FEMA trailers arriving

Published 12:30 am Friday, September 23, 2011

The Federal Emergency Management Agency is overseeing the siting of trailers for people whose homes were damaged or destroyed by Hurricane Irene.

Beaufort County will be the first county to see the installation of one of these units, FEMA announced in a news release.

The first unit was to be placed in Chocowinity, said state Sen. Stan White, D-Dare, who represents Beaufort County in the Senate.

Residents who are approved for temporary housing will be able to live in the trailers for up to 18 months, White said, citing information shared Wednesday in a conference call with FEMA representatives.

To qualify for temporary housing, residents’ homes must have sustained $8,000 or more in damage as a result of Irene.

The units will be placed on the approved applicant’s lot.

The lot must allow access to water, sewer and electricity, White said.

Crews contracted through FEMA will set up the trailers, he said.

The two-bedroom units come fully furnished, according to White.

“It will be a blessing to a lot of folks to have that available to them,” he said.

White said that, as of Wednesday, FEMA had 50 of the trailers on standby in a staging area at Rocky Mount, with 50 more units on order.

Reports from Beaufort County emergency management demonstrate the trailers are needed here.

Irene was directly or indirectly responsible for the destruction of 126 homes in the county, according to John Pack, emergency management coordinator.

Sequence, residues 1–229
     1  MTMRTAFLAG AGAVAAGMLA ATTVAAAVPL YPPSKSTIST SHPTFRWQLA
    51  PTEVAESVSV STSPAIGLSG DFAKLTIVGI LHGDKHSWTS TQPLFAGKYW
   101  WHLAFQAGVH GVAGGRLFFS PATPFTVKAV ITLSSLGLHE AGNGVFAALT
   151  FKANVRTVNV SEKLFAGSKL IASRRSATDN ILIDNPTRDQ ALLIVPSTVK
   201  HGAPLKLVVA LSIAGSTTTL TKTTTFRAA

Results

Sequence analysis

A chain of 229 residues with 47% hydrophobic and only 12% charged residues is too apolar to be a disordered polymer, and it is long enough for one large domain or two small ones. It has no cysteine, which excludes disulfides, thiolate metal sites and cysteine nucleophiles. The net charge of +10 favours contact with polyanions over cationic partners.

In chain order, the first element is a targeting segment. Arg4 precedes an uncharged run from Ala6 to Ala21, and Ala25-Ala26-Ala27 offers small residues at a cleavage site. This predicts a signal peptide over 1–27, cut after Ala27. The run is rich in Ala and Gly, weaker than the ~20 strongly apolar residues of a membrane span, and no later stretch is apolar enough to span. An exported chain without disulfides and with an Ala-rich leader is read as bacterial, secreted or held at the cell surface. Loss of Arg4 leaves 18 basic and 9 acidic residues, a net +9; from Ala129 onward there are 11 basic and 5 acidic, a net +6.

Another 362 homes were damaged to the extent that their occupants would have to be relocated to make way for repairs, Pack said.

The 126 structures that were destroyed were a mix of weekend and primary homes, he related.

The homes were mostly located in areas severely affected by Irene, including the Pamlico Beach community and residential areas east of Aurora, but some homes were more than 50 percent damaged in such locations as Washington Park and Whichard’s Beach Road, Pack said.

The damages were caused by everything from floodwaters to falling trees, he reported.

The damage reports have been collected through the cooperative efforts of state, local and federal officials, including Beaufort County building inspectors, Pack shared.

The county is using some of its own resources, among them water meter readers, to locate people who need FEMA aid, he said.

“We’re working on the primary residents, the people that live there all the time,” he said. “We’re working to make sure that we haven’t missed anybody to the best of our ability.”

On Wednesday, he said, the county learned there were 10 people living in one three-bedroom home as a result of the storm. The owner had moved out temporarily, leaving the home to the evacuees.

The county continues finding two to three families per day that haven’t registered with FEMA, Pack said.

County officials have knowledge of at least 32 families whose homes can be saved but who will need to be relocated to make way for repairs.

White urged those who need assistance to seek it.

“I’m just hoping that the people are willing to ask for help,” he said. “Sometimes people are a little too proud to ask for help, and this is one of those cases where they don’t need to be. It’s a service that is available to them, and they should take advantage of it if they qualify or if they need it.”